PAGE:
Figure 4. Breast MRI confirming the presence of the lesion in the upper-inner quadrant of the left breast. a: Axial MRI T2-weighted image demonstrating a hypointense lesion with irregular morphology. b: Axial MRI T1-weighted images with fat suppression after gadolinium injection, demonstrating intense, ring-enhancement and identifying another small-sized nodule that is more anteriorly located. c: Kinetic curve of the larger lesion, showing early intense enhancement followed by wash-out, consistent with malignancy.

In order to rule out a possible extramammary location of neuroendocrine carcinoma, thoracic, abdominal and pelvic computed tomography (CT) was performed, but no other lesion was detected.

The patient underwent conservative surgery and the anatomopathological analysis of the surgical specimen confirmed the diagnosis of a moderately differentiated, multifocal neuroendocrine breast carcinoma.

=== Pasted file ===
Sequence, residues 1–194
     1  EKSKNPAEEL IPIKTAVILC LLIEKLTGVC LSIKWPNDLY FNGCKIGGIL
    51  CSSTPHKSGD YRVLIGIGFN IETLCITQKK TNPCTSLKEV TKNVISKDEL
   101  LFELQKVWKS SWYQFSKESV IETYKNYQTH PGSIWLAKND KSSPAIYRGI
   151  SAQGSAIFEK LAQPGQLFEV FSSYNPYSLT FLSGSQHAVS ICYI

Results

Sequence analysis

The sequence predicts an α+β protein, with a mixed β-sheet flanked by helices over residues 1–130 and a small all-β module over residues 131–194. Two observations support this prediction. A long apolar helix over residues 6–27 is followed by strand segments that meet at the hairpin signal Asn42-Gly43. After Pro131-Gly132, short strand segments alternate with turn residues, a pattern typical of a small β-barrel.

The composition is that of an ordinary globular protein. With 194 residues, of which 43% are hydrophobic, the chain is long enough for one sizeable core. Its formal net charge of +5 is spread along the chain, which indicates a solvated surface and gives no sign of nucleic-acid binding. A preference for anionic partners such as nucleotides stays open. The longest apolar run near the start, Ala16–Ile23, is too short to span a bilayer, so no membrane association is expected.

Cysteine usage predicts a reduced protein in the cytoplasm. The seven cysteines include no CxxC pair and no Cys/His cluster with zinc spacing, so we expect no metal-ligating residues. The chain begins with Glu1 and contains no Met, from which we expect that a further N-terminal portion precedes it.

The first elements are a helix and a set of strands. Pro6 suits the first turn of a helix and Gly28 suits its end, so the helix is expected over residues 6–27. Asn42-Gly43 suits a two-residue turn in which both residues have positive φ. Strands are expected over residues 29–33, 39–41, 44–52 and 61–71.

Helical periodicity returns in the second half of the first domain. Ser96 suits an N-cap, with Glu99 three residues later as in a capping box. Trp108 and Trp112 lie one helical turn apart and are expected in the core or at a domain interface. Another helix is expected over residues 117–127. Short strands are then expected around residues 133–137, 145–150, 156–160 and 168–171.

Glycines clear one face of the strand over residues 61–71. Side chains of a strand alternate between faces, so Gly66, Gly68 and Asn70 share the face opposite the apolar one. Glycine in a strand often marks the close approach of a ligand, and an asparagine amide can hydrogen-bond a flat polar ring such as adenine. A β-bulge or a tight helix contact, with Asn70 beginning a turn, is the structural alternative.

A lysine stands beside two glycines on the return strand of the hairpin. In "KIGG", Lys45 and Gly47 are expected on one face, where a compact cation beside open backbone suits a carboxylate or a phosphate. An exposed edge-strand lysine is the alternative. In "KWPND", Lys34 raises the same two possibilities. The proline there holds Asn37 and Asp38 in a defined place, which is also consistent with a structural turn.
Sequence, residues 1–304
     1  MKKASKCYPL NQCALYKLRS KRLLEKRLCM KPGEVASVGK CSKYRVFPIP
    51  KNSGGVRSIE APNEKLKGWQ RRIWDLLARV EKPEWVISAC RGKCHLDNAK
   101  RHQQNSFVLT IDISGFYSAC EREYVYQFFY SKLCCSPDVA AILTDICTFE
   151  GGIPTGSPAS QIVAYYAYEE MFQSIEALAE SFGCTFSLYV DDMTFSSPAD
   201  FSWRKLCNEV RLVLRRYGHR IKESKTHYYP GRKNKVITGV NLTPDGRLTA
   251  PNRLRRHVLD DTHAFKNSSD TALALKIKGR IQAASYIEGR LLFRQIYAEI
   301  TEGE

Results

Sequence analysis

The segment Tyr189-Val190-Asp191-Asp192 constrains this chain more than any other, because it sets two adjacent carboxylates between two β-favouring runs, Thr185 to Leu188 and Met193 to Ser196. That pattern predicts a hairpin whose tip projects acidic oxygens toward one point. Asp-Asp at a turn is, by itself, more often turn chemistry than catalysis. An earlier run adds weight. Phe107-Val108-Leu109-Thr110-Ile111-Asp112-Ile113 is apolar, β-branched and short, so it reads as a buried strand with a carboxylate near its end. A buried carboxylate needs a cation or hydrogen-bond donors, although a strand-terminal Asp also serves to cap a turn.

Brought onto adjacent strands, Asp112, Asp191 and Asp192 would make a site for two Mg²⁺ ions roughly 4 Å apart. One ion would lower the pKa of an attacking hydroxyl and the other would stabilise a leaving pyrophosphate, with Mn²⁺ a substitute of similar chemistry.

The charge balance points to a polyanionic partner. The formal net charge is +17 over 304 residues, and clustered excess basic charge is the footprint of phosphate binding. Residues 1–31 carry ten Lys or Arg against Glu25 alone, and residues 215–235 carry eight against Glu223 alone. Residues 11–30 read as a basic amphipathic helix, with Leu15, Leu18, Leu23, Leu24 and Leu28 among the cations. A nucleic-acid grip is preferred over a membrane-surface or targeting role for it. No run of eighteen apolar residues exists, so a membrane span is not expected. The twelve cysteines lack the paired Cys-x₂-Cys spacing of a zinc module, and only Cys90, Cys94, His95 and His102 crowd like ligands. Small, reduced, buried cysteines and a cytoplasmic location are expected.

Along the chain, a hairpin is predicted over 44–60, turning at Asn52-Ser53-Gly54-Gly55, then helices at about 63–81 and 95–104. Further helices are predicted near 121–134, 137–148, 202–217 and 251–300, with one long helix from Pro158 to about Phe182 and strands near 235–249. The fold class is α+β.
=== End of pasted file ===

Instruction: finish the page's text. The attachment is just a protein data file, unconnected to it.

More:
Neuroendocrine carcinoma primarily located in the breast is an extremely rare entity. Although exact data on its incidence is not available yet, a series developed by Günhan-Bilgen et al.(5) with 1,845 proved cases of breast tumors reports an incidence as low as 0.27%. Such a tumor presents specific morphological characteristics, expressing neuroendocrine markers on a high percentage (> 50%) of the cells(3,6). Neuron specific enolase, synaptohysin and chromogranin are generally utilized as markers; the first one is considered as less specific(7). In 2003, the World Health Organization classified neuroendocrine breast carcinomas into three subtypes, as follows: solid, small cell and large cell carcinomas(2,7). However, in a recent revision undertaken in 2012(8), neuroendocrine tumors, included in the class of rare epithelial tumors, were subdivided into well differentiated neuroendocrine tumors, poorly differentiated neuroendocrine carcinomas (small cell carcinomas), and carcinomas with neuroendocrine differentiation. In the present case, the tumor was positive for the three neuroendocrine markers, with solid histological subtype and carcinoid-like pattern (the assessment was made prior to the 2012 revision).